Piriformis Syndrome - What is it and how to treat it



What is Piriformis Syndrome?
  • Piriformis Syndrome is caused by inflammation of soft tissue or muscle spasm in this area which can cause imflammation or muscle tension in the Piriformis muscle.

Some common symptoms include:-

  • Pain with sitting standing or walking for more than 20 minutes
  • Intense pain with sitting or squatting
  • Pain and/or pins and needles, numbness, burning, tingling sensations radiating from the lower back down the back of the thigh.
  • Pain that improves with movement.


Causes of Piriformis Syndrome?
  • Activities, such as long distance running or prolonged standing without proper stretching are often causes of Piriformis Syndrome.
  • Any muscle imbalance around this area will also be a contributing factor.


  • In the intial stages the goal is to reduce pain.  Ice can help reduce muscle spasm and nerve pain in the first day or so. However longer term heat application is more beneficial as it helps bring fresh blood to the area and helps relax this muscle.
    • Heat should not be applied if there is a suspected muscle tear.
    • If heat is used then it should be applied for 15/20 minutes 2-3 times per day.
    • Do not apply heat pads directly to the skin as these can cause burns and I have seen plenty of these in clinic.
  • Massage
    • Light massage and mobilisation techniques can help release muscle tension and active techniques can be used to stretch the muscle.
    • Massage on the muscles around the Glutes and legs can be beneficial as compensatory tension can arise through changed movement due to pain.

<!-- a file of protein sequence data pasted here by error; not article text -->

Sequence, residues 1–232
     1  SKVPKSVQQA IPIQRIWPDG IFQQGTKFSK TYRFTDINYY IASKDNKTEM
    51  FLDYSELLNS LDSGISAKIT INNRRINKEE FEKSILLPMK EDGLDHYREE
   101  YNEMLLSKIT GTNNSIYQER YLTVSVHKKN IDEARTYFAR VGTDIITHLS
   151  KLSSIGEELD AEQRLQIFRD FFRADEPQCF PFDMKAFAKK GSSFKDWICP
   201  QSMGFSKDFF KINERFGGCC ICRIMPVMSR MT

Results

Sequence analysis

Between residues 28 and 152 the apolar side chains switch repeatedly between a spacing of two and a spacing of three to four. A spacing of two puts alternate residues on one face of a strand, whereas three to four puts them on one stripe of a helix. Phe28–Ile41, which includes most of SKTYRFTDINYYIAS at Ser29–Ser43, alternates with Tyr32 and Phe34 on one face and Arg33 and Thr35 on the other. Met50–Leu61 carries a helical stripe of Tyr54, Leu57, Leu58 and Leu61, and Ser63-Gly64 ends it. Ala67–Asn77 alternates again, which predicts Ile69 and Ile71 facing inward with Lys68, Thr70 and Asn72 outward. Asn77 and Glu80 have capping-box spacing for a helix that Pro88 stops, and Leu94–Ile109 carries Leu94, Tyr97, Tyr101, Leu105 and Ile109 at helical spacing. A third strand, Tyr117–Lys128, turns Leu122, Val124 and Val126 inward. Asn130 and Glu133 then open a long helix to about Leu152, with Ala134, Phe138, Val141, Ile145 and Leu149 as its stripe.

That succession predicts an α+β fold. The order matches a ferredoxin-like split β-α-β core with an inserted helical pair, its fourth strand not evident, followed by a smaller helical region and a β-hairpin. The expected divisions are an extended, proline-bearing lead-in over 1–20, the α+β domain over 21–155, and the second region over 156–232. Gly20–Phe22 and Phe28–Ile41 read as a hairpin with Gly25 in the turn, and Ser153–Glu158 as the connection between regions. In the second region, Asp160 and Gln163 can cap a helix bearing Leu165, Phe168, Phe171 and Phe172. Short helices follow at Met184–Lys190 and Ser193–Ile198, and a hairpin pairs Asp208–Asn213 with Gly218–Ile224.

• Kinesio taping can also be applied across this muscle to help encourage good blood flow in this area and help remove direct pressure on this muscle.
  • Stretching
    • Hold this stretch for around 20-30 seconds and repeat as often throughout the day as possible (2-4 x recommended).


  • Foam/Ball Rolling
    • This can help release the Piriformis Muscle.  I would recommend using a tennis ball first against the wall as you can then adjust the pressure. You don't want to create too much pressure on this area initially as this will cause more inflammation. I would also work around this muscle (legs/glutes) too, to reduce compensatory tension.

foam_roller_glutes piriformis.jpg

  • Strengthening

    • Strengthening is important should be done on a daily basis immediately followed by stretching exercises as the muscle will be more likely to relax into a stretch if it has been worked and warmed up.

    • The more that you sit then the more often this exercise should be done.  At least 2 times a day.

    • Clam exercise - Lay on your side, bend the knees and position them forwards so that your feet are in line with your spine.

    • Make sure your top hip is directly on top of the other and your back is straight. Keeping the ankles together, raise the top knee away from the bottom one. Work until you feel the muscle starting to fatigue but do not overdo it especially in the early stages. Slow controlled movements are important.

The above advice is quite general and it is important that your therapist really understands what is causing this muscle to over work and tighten up so that specific exercises can be provided to avoid a reoccurrence.

As always check in with a professional to get clear guidance.